Heart Health

Understand Your Risk for Heart Disease

BY National Institutes of Health TIMEMarch 31, 2022 PRINT

The first step toward heart health is understanding your risk of heart disease. Your risk depends on many factors, some of which are changeable and others that are not. Risk factors are conditions or habits that make a person more likely to develop a disease. These risk factors may be different for each person.

Preventing heart disease starts with knowing what your risks factors are and what you can do to lower them.

Risk Factors for Heart Disease

  • Have high blood pressure
  • Have high blood cholesterol
  • Have overweight or obesity
  • Have prediabetes or diabetes
  • Smoke
  • Do not get regular physical activity
  • Have a family history of early heart disease, for example if your father or brother was diagnosed before age 55, or your mother or sister was diagnosed before age 65
  • Have a history of preeclampsia, which is a sudden rise in blood pressure and too much protein in the urine during pregnancy
  • Have unhealthy eating behaviors
  • Are age 55 or older for women or age 45 or older for men

Each risk factor increases your chance of developing heart disease. The more risks you have, the higher your overall risk.

Some risk factors cannot be changed. These include your age, sex, and a family history of early heart disease. Many others can be modified. For example, being more physically active and eating healthy are important steps for your heart health. You can make the changes gradually, one at a time. But making them is very important.

Women and Heart Disease

Women generally get heart disease about 10 years later than men do, but it’s still women’s #1 killer. After menopause, women are more likely to get heart disease, in part because estrogen hormone levels drop. Women who have gone through early menopause, either naturally or because they have had a hysterectomy, are twice as likely to develop heart disease as women of the same age who have not gone through menopause. Middle age is also a time when women tend to develop other risk factors for heart disease, such as high blood pressure.

Preeclampsia, which is high blood pressure during pregnancy, raises your risk of developing coronary heart disease later in life. It is a risk factor that you can’t control. However, if you’ve had the condition, you should take extra care to monitor your blood pressure and try to lower other heart disease risk factors.

You and Your Healthcare Provider: A Heart-Healthy Partnership

Risk factors, such as high blood pressure or cholesterol, generally don’t have obvious signs or symptoms. A crucial step in determining your risk is to see your provider for a thorough checkup and risk assessment. Your provider may use a risk calculator to estimate your risk of having a heart attack, having a stroke, or dying from a heart or blood vessel disease in the next 10 years or throughout your life.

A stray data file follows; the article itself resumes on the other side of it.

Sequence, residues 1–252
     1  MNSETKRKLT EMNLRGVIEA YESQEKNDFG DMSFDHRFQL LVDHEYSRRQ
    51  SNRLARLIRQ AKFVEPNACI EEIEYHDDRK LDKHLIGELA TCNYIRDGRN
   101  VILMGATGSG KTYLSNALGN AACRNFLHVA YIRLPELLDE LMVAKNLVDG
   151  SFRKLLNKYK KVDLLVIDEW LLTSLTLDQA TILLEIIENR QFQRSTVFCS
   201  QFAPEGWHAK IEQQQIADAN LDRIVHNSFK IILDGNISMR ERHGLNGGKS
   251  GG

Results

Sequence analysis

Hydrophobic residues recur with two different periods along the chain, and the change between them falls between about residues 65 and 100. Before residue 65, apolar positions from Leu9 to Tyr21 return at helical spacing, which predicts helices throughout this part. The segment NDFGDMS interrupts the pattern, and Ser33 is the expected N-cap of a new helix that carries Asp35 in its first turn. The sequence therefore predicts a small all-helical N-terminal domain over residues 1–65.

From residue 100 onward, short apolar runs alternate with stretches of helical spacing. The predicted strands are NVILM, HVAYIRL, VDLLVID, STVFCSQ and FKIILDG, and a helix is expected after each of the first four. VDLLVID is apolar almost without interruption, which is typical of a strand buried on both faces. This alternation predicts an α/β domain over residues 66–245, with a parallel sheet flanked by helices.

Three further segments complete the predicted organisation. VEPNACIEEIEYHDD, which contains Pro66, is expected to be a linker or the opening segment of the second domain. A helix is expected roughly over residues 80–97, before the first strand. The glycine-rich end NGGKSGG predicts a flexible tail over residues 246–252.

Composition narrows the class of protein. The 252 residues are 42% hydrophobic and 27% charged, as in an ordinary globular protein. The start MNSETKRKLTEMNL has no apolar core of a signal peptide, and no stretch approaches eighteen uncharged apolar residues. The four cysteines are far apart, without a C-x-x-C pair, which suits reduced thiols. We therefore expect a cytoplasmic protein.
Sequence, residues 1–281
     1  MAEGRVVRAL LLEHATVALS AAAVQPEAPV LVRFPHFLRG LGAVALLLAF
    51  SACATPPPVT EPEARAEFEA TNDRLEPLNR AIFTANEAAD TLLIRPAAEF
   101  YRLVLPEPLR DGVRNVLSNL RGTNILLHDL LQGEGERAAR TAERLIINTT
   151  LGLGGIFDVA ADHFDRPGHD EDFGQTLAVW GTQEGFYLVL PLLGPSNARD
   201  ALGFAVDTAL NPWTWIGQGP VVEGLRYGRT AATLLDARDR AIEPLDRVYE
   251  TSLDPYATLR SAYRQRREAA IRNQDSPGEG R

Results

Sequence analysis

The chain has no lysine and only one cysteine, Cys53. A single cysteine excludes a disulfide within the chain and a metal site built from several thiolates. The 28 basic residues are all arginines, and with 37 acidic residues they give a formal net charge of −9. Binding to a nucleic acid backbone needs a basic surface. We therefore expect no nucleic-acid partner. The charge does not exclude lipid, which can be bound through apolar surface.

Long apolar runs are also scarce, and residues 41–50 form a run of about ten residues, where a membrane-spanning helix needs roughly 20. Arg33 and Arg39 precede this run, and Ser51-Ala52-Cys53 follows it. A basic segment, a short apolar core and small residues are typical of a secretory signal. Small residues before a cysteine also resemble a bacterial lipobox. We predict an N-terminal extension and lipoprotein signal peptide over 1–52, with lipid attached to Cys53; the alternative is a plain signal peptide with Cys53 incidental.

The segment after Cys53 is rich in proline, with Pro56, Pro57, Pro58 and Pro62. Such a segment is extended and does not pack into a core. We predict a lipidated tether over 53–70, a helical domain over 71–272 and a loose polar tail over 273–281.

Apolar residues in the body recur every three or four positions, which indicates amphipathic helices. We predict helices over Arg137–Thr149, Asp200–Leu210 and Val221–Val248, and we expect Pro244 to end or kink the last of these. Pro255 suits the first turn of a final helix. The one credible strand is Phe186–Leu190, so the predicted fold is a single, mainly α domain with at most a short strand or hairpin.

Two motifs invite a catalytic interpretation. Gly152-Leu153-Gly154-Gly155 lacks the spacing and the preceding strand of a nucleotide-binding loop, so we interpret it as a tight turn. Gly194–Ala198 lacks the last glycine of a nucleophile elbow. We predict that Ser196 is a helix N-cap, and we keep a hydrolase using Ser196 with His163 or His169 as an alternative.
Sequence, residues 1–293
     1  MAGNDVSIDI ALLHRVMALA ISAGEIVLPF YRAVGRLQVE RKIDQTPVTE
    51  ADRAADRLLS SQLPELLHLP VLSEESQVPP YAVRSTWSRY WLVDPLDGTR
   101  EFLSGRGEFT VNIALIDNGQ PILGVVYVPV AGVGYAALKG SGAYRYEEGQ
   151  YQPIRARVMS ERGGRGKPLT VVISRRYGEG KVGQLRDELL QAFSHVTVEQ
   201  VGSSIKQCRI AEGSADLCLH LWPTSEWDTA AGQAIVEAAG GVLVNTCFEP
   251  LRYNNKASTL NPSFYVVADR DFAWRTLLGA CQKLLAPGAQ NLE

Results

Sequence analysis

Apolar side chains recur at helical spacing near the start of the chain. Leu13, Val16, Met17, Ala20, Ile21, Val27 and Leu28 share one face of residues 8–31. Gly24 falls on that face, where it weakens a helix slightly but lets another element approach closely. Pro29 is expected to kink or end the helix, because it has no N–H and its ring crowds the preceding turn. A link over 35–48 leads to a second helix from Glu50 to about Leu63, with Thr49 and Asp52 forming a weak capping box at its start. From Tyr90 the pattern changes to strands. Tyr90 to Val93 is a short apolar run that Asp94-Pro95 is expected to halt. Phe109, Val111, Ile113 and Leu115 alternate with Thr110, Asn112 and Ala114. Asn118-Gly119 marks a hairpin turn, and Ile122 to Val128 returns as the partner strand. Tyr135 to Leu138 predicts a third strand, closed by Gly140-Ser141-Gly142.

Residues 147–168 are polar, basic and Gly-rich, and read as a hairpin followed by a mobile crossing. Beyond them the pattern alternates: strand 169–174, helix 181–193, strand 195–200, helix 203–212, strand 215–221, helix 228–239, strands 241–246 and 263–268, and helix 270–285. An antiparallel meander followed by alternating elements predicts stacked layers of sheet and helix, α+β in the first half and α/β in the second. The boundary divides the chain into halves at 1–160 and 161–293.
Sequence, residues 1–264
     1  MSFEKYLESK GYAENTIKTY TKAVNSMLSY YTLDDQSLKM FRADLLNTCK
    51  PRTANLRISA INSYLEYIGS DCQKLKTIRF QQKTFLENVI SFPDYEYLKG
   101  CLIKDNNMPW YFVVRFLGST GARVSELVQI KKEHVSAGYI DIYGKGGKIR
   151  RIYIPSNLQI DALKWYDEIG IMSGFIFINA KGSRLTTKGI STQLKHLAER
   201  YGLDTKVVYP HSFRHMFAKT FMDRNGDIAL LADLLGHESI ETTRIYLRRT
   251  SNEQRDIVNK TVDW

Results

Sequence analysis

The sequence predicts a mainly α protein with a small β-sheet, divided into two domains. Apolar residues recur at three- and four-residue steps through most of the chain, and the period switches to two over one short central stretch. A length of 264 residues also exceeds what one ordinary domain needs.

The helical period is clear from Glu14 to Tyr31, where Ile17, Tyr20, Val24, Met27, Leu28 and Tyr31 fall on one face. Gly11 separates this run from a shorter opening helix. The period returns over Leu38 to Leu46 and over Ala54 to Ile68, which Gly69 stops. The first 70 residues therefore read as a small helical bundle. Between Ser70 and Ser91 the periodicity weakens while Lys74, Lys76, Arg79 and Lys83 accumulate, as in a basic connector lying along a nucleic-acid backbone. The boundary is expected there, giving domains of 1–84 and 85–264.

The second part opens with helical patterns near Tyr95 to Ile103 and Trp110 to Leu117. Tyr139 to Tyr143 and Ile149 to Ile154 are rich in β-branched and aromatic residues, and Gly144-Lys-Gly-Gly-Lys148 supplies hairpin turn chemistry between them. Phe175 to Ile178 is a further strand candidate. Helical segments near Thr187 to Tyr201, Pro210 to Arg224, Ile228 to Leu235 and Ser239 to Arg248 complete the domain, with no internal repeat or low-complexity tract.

For example, the Atherosclerotic Cardiovascular Disease (ASCVD) Estimatorexternal link considers your cholesterol levels, age, sex, race, and blood pressure. It also factors in whether you smoke or take medicines to manage your high blood pressure or cholesterol.

Your provider can be an important partner in helping you set and reach goals for heart health. Ask about your risk for heart disease at your annual checkup. Since your risk can change over time, keep asking each year.

Questions to Ask your Provider at your Annual Checkup

  • What is my risk of developing heart disease?
  • What is my blood pressure? What does it mean for me, and what do I need to do about it?
  • What are my cholesterol numbers? What do they mean for me, and what do I need to do about them?
  • What is my body mass index (BMI) and waist measurement? Do I need to lose weight for my health?
  • What is my blood sugar level and does it mean I’m at risk for diabetes?
  • What other screening tests for heart disease do I need? How often should I return for checkups for my heart health?
  • How can we work together to help me quit smoking?
  • How much physical activity do I need to help protect my heart?
  • What is a heart-healthy eating plan for me? Should I see a registered dietitian or qualified nutritionist to learn more about healthy eating?
  • How can I tell when I’m having a heart attack?

If you already are being treated for heart disease or heart disease risk factors, discuss your treatment plan with your provider. Ask questions if you do not understand something or need more information. You may want to write down questions before your appointment as well.

Questions to Discuss your Heart Disease Prevention and Treatment Plan

  • How does my treatment compare with what is recommended in the latest guidelines?
  • How well is my treatment plan working for me?
  • Are my risk factors for heart disease in a good range or getting better?
  • If your provider recommends medicine or a medical procedure, ask about the benefits and risks.
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